Former Prime Minister Kevin Rudd said he believed the leak was more damaging for Mr Turnbull than Mr Trump. picture: Screengrab/CNNSource:CNN
Former Prime Minister Kevin Rudd said he believed the leak was more damaging for Mr Turnbull than Mr Trump. picture: Screengrab/CNNSource:CNN

‘More poodle than Prime Minister’: Turnbull's shame

MALCOLM Turnbull was more "poodle-like" than Australian Prime Minister in his first conversation with Donald Trump.

That is the view of Lowy Institute non-resident fellow Professor James Curran, who criticised the language Mr Turnbull used during his call with the US President.

Speaking about the lengthy transcript of a leaked phone call between President Trump and Mr Turnbull, the University of Sydney history professor questioned the PM's approach.

"The comment from Mr Turnbull at the end of that phone call where he says to Trump again and again 'I'll be there for you' takes us all the way back to the Harold Holt and LBJ era," he said.

"I don't think that sort of language is becoming of an Australian Prime Minister to any world leader and certainly not to this one.

"It's an unfortunate use of language by Mr Turnbull and one which doesn't speak well to Australia's national interest and greater Australian self-reliance within the US alliance.

"It's the language of a poodle rather than an Australian Prime Minister. It plays to the idea of us being a US lapdog."

Prof Curran said he didn't think the leaking of that conversation actually amounted to much.

"It just shows Trump defending an issue which was one of his signature policies that he took to the election in terms of his approach to immigration and shows Turnbull pushing the refugee deal he and Obama signed," he said

"I think the more serious problem here is leaking of the full transcript. It was bad enough the details of the phone conversation were leaked in late January/early February when the story first broke but the fact that the full transcript has been leaked is quite extraordinary.
"Historians usually have to wait 30 years for this."

Prof Curran also said it was a worrying development for the business of government.

He also questioned why Mr Turnbull used his first phone call with Mr Trump to raise the refugee deal knowing issues of "bad US deals" and immigration irked the new President.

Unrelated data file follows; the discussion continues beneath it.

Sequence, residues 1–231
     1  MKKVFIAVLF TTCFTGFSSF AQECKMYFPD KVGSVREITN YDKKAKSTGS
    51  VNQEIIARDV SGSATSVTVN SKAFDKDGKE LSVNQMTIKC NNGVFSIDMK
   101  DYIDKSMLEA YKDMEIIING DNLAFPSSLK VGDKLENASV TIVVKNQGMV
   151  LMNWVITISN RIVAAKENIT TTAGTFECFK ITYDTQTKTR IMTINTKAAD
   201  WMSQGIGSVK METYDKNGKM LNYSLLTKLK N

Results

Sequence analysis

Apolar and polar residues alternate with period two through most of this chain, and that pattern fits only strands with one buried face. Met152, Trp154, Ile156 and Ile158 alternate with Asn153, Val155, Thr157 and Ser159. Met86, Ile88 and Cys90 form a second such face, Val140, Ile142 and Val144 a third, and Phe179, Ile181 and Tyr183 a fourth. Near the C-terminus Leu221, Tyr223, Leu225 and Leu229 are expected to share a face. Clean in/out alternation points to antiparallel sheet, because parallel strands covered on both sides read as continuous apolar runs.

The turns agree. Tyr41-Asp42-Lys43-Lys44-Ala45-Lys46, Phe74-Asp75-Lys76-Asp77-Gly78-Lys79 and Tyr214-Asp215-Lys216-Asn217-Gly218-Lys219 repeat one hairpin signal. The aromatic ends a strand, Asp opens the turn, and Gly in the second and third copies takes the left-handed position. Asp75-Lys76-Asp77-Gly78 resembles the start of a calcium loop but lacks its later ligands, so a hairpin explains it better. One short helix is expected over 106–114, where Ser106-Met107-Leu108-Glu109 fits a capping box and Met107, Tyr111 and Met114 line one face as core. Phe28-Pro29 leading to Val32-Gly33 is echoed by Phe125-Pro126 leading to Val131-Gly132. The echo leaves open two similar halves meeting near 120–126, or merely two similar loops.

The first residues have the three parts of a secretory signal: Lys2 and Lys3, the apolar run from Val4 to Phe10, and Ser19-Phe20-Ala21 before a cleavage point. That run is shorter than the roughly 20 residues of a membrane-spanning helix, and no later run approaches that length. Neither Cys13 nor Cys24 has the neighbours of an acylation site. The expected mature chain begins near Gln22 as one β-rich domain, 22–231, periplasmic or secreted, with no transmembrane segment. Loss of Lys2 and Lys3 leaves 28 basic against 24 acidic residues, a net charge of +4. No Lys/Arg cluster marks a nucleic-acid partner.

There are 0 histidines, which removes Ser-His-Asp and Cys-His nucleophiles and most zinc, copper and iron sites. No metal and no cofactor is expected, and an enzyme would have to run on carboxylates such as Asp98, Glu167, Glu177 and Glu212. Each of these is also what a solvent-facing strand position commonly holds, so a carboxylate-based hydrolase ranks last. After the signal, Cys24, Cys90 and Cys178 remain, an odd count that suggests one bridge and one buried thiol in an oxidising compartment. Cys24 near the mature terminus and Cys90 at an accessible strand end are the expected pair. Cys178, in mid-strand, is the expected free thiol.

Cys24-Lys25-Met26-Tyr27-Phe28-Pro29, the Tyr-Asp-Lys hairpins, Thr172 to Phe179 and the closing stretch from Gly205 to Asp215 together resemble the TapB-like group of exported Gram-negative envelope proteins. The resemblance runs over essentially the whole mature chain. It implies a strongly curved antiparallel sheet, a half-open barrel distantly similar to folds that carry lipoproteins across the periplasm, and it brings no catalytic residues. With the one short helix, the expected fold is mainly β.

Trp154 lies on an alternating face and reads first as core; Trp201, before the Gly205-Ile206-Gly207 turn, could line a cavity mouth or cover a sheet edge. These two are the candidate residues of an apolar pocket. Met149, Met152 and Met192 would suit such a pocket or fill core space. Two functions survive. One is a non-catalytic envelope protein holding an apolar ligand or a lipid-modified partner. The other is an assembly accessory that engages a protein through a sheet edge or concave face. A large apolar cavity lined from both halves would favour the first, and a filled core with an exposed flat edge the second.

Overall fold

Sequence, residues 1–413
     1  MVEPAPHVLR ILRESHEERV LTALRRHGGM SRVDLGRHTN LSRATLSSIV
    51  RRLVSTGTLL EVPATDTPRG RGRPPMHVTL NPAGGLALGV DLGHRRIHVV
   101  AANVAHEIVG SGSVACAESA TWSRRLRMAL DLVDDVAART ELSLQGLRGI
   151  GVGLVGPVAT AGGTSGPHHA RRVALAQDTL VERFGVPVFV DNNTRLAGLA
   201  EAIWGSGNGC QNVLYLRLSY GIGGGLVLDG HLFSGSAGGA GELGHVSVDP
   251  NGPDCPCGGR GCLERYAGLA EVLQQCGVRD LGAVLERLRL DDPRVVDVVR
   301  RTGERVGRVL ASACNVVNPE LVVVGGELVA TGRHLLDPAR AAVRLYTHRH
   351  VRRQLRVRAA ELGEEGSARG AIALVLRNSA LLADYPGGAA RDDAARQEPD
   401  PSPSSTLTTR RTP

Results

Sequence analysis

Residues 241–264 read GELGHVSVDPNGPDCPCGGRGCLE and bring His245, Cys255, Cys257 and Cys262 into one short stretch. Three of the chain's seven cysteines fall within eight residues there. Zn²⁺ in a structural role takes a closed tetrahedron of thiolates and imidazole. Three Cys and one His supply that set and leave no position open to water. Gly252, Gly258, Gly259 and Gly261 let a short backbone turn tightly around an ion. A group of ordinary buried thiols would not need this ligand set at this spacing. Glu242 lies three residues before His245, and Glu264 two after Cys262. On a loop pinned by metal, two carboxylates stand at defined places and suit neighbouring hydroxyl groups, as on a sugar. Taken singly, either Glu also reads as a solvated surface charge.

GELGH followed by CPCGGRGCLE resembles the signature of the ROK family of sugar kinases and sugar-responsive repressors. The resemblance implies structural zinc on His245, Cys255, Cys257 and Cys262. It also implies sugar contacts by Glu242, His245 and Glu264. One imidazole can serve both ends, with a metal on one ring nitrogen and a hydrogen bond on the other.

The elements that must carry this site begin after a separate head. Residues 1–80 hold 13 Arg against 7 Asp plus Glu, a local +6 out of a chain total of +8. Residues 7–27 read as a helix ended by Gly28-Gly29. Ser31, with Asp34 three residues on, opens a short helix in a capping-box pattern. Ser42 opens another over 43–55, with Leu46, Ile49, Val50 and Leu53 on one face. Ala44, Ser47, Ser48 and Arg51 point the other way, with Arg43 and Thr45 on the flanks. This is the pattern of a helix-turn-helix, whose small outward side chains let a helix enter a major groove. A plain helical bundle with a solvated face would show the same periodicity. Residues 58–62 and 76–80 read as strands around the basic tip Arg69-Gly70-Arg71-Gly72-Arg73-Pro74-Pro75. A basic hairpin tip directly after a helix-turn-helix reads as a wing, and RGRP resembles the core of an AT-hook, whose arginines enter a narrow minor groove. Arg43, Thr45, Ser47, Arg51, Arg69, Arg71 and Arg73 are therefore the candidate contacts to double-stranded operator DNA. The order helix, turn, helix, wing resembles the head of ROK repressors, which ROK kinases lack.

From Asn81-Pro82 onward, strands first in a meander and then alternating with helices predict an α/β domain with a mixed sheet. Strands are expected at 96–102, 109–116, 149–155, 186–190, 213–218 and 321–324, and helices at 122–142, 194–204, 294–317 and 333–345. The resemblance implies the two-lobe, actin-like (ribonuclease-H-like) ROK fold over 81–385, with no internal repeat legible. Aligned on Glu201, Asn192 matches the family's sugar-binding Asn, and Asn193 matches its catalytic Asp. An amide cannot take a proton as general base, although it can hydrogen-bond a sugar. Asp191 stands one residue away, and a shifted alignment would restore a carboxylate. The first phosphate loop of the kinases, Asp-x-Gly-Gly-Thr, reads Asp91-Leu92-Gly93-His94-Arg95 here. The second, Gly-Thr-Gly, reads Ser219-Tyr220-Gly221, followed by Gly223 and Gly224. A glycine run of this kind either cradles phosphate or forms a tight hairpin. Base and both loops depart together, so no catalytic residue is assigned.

"It showed his desperation," Prof Curran said.

In a press conference in Broome on Friday, broadcast on Periscope by the Prime Minister's media team, Mr Turnbull refused to comment on the leak and appeared to question its legitimacy.

"I'm not going to comment on the lack of this supposed transcript," he said.

"The nature of our relationship with the US in this area is one of mutual assistance. So we help the Americans, they help us. It's in the context of a very big relationship of mutual support."

Mr Turnbull indicated he had stood up for Australia in the tense phone call.

"As you know I always stand up for Australia's interests. That's my commitment as Prime Minister. Australians expect that, that's what I do."

He said the deal had "always been subject to American vetting procedures".

Meanwhile, in an interview on CNN today former Prime Minister Kevin Rudd was asked if these sort of conversations between allies were normal.

"No not normal I've got to say, it's right out there," he said.

He said it was clear this was a testy conversation and the transcript proved it.

"I think the real impact for this lies with Mr Turnbull in Australia," he said.

He said Mr Trump's position was clear for a long time but the content of what Mr Turnbull said in this conversation hadn't been heard in Australia.

Mr Rudd said he believed it would impact domestic opinion of Mr Turnbull who "had been loose with the truth" over the refugee deal.

He also said to have the leak come from within the Trump administration was jaw dropping.